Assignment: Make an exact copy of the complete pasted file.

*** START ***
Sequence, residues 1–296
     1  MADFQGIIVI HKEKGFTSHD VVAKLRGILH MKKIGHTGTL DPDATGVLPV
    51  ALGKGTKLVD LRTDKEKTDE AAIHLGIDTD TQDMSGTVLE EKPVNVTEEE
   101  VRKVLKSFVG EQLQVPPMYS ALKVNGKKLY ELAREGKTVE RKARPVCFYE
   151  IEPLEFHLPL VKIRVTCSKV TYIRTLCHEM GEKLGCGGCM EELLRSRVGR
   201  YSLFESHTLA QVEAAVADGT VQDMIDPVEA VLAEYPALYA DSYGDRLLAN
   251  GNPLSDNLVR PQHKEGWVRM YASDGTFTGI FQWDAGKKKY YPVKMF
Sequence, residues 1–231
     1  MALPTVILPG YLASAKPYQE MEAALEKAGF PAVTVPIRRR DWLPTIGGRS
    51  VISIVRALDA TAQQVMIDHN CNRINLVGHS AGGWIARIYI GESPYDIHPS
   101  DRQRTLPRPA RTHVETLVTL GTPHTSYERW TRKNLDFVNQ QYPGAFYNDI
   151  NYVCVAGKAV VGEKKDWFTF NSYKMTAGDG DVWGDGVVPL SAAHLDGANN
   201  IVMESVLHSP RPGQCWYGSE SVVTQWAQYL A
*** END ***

Sequence, residues 1–296
     1  MADFQGIIVI HKEKGFTSHD VVAKLRGILH MKKIGHTGTL DPDATGVLPV
    51  ALGKGTKLVD LRTDKEKTDE AAIHLGIDTD TQDMSGTVLE EKPVNVTEEE
   101  VRKVLKSFVG EQLQVPPMYS ALKVNGKKLY ELAREGKTVE RKARPVCFYE
   151  IEPLEFHLPL VKIRVTCSKV TYIRTLCHEM GEKLGCGGCM EELLRSRVGR
   201  YSLFESHTLA QVEAAVADGT VQDMIDPVEA VLAEYPALYA DSYGDRLLAN
   251  GNPLSDNLVR PQHKEGWVRM YASDGTFTGI FQWDAGKKKY YPVKMF
Sequence, residues 1–231
     1  MALPTVILPG YLASAKPYQE MEAALEKAGF PAVTVPIRRR DWLPTIGGRS
    51  VISIVRALDA TAQQVMIDHN CNRINLVGHS AGGWIARIYI GESPYDIHPS
   101  DRQRTLPRPA RTHVETLVTL GTPHTSYERW TRKNLDFVNQ QYPGAFYNDI
   151  NYVCVAGKAV VGEKKDWFTF NSYKMTAGDG DVWGDGVVPL SAAHLDGANN
   201  IVMESVLHSP RPGQCWYGSE SVVTQWAQYL A